***

The Tribune, Chandigarh: Thoughtless curbs

The Supreme Court judgment that courts can defer media coverage of a case for a short period if there is a danger to an individual’s right to fair trial will curb freedom of the Press, limit the people’s right to know and unnecessarily encourage litigation. Growing complaints of “trial by media” had prompted Chief Justice S.H. Kapadia to initiate a discussion on framing guidelines for court reporting….

There is a growing tendency in the judiciary as well as the executive to curb free speech. The Allahabad High Court banned all media reporting of troop movements after a news report hinted at a coup attempt. The government recently gagged social media sites on the pretext of restoring order. The arrest of a West Bengal professor for circulating a cartoon, the removal of cartoons from school textbooks and the slapping of a sedition case against a cartoonist for disrespecting the national emblem are other instances of executive intolerance of dissent. Vague judgments like the one in the Sahara case will only fuel this tendency.

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Deccan Herald, Bangalore: Gag on media

A fresh threat to the right to free speech and expression, which has been sanctified by the Constitution, has come from an unlikely place, the Supreme Court of India, which has in the past protected and promoted it as a basic entitlement of citizens. Its judgement empowering courts to ban reporting of hearings in cases where there is a perceived chance of interference in free and fair trial amounts to muzzling media freedom. It needs to be opposed like all other assaults on the functioning on the media, which are becoming frequent now.

The court has propounded a  ‘constitutional principle’  which would allow aggrieved parties to seek postponement of the publication of hearings if they are seen to be prejudicial to the administration of justice. But this is disguising an unfair restriction as a constitutional doctrine, creating a devious device to undermine a basic right.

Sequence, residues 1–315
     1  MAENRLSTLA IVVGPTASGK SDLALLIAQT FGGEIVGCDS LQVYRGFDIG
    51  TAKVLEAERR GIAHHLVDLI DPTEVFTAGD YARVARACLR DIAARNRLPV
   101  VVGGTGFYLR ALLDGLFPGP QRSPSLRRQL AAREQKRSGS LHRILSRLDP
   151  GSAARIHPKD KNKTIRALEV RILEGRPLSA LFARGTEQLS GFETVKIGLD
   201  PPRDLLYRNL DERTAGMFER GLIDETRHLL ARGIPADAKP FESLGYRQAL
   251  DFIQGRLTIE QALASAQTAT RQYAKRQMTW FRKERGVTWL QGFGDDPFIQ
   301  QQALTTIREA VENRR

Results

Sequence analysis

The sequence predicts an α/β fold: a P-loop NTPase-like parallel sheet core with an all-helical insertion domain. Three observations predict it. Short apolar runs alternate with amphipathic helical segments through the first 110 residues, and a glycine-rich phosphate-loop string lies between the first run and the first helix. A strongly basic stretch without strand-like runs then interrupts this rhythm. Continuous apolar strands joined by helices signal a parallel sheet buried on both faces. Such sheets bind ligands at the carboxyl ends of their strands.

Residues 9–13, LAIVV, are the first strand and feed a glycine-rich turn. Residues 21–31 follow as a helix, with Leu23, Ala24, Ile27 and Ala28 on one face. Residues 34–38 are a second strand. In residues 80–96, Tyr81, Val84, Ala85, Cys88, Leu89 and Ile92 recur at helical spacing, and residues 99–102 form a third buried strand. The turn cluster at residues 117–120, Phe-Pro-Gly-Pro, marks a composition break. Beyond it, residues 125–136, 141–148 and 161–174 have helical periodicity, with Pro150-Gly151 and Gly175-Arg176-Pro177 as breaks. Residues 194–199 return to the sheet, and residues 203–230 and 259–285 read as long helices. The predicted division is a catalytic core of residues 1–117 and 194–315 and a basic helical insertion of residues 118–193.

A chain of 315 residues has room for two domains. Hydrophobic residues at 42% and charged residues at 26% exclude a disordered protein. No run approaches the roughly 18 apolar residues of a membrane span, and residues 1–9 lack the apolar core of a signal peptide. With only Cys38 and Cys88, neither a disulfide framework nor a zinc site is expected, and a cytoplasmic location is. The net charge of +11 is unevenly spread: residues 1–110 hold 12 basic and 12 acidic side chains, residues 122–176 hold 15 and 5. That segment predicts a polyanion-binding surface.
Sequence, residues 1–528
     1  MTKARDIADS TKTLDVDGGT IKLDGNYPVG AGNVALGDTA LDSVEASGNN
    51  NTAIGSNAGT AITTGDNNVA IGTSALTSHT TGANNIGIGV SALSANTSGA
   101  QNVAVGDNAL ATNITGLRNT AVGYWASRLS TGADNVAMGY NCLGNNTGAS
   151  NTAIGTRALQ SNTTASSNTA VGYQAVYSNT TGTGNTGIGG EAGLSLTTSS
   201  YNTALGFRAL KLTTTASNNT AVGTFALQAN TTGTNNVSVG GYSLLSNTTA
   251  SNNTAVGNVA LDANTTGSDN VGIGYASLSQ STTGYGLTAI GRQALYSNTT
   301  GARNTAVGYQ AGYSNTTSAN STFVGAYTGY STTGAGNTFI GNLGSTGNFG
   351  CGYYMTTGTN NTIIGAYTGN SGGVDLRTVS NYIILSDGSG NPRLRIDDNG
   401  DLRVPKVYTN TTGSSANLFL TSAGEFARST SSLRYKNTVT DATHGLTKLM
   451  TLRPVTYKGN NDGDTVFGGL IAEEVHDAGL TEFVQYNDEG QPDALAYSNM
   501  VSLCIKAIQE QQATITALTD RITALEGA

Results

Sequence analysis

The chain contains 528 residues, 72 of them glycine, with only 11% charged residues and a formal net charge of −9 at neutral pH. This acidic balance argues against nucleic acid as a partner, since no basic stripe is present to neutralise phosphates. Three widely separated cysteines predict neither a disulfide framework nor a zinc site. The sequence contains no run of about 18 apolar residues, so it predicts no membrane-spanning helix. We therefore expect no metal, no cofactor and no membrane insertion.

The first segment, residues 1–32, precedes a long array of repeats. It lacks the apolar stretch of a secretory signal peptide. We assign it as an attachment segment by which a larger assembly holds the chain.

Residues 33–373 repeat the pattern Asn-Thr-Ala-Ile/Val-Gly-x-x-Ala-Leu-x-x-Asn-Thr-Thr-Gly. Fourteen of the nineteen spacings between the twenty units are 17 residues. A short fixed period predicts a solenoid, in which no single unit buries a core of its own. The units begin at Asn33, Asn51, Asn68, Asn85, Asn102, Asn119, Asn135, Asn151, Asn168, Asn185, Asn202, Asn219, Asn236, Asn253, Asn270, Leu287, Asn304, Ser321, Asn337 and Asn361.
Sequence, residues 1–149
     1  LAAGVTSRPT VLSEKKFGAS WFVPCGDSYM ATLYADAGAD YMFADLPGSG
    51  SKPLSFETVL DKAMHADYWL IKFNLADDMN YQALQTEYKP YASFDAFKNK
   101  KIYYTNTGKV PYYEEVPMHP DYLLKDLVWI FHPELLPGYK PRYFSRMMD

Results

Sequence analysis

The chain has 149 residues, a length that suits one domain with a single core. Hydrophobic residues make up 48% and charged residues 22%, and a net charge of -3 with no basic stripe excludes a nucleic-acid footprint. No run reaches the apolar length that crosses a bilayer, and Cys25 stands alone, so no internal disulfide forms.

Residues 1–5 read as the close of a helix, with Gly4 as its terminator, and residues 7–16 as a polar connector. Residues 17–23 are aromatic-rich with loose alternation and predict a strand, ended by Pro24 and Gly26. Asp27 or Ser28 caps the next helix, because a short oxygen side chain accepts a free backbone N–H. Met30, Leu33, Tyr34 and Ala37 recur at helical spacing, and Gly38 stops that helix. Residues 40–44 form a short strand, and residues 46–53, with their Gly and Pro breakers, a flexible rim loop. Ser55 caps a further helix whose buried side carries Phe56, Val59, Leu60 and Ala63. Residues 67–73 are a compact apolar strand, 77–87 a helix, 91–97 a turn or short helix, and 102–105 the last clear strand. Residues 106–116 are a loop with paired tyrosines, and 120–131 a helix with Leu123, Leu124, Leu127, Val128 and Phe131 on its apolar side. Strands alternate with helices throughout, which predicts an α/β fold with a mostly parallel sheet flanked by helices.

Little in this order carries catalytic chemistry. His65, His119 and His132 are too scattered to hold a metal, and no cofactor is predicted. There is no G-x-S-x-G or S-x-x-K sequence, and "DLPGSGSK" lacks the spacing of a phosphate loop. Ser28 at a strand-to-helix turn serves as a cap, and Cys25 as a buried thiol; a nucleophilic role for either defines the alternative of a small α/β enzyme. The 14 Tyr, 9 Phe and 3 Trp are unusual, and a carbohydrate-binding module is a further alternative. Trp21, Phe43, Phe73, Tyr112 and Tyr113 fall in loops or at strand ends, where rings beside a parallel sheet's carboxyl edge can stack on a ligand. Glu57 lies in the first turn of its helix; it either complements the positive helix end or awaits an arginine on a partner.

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The Indian Express: Lines of control

This “doctrine of postponement” of reporting is meant to be a preventive measure, rather than a punitive one, and is intended to balance the right of free speech with the right to a fair trial. The courts, the SC said, will evaluate each appeal carefully, guided by considerations of necessity and proportionality. However, the very outlining of the principle, in effect, leaves journalism at the mercy of the high court, rather than being internally regulated with better editorial gatekeeping.

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The Hindu: Don’t compromise open justice

The Supreme Court’s judgment justifying a temporary ban on the publication of court proceedings in certain cases is likely to have a chilling effect on the freedom of the press and the very idea of an open trial…. Indeed, by emphasising the right of an aggrieved person to seek postponement of media coverage of an ongoing case by approaching the appropriate writ court, there is a danger that gag orders may become commonplace. At a minimum, the door has been opened to hundreds and thousands of additional writs — a burden our legal system is unprepared to handle — filed by accused persons with means.

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Mint: Judgment and some worries

While the court prescribed tests of reasonableness, among others, on deciding issues of postponement, time is of the essence for media and citizens dependent on it for information. It is not far-fetched to presume that during this period of stasis, reporters and editors, can be arm-twisted into submission. The judgement whittles down an already embattled freedom available to the Press. It will add psychological pressure and uncertainty in an already difficult environment.

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Business Standard: Tilting the balance